Review of Metaphysics 63 (3):539-566 (2010)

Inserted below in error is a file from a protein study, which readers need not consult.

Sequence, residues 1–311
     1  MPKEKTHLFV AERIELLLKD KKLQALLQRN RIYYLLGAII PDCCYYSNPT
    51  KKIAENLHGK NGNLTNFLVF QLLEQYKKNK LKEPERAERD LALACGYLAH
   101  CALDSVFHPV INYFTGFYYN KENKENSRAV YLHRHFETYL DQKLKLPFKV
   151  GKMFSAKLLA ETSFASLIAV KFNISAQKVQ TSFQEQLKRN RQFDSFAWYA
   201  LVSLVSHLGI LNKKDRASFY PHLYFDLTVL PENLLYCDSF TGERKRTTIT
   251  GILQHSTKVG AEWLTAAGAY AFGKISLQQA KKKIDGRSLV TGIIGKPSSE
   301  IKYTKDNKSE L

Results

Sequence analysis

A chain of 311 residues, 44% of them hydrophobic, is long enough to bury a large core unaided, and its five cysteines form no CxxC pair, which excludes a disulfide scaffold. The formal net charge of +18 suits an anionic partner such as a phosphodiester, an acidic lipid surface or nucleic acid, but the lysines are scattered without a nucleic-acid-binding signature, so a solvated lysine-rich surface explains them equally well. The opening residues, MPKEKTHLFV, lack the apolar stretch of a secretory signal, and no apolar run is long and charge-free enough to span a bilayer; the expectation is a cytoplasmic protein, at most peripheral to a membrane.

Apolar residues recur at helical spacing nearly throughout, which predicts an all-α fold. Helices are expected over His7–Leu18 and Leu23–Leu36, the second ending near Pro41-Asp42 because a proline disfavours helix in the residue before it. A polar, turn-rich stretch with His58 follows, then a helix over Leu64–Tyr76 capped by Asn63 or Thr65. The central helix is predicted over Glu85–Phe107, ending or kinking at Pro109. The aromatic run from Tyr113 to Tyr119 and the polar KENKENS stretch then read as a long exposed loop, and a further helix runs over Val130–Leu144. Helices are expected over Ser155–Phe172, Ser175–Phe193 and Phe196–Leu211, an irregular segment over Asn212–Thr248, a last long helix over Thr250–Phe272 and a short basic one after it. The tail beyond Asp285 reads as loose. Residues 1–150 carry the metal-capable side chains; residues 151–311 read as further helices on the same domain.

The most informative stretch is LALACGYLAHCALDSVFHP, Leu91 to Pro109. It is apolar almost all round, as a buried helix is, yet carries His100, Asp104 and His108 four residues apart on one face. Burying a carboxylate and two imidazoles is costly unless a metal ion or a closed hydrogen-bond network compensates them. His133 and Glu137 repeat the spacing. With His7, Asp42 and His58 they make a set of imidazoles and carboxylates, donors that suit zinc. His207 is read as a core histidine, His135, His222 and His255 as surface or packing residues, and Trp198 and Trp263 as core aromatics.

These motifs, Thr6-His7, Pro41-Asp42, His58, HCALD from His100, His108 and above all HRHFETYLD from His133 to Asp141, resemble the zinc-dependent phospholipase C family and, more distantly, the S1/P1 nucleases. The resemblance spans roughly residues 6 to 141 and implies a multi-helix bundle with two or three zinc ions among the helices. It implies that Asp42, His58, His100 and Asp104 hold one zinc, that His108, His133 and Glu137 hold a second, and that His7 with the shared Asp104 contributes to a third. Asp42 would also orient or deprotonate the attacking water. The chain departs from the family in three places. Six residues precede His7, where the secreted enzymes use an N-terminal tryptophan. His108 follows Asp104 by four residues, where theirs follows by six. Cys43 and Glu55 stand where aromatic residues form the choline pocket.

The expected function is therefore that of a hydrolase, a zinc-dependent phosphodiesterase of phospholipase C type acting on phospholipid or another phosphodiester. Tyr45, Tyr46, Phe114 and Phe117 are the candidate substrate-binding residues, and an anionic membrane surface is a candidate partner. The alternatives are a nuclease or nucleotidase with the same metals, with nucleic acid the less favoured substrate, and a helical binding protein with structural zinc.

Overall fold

In his early Some Lectures concerning the Scholar’s Vocation, J. G. Fichte developed an account of the social role of the scholar. This role concerns the task of furthering human culture and progress, which Fichte considers to be a moral duty for the scholar. In these lectures, Fichte also outlined the capabilities and knowledge that the scholar needs in order to be able to fulfill the task in question, including the possession of historical knowledge. The article argues that the later Addresses to the German Nation represent an attempt on Fichte’s part to realize his earlier conception of the scholar’s vocation, because these addresses aim to help usher in a new, superior epoch in human history. Particular attention is paid to the use that Fichte makes of history in them. In effect, he instrumentalizes history, and justifies his doing this in terms of a higher purpose and the ‘merely’ empirical status of historical fact and evidence. This use of history is compared to some things that Nietzsche has to say about history in his essay On the Uses and Disadvantages of History for Life; and it invites questions concerning the possible dangers of such a use of history and its compatibility with Fichte’s idea that the vocation of the scholar is a moral one
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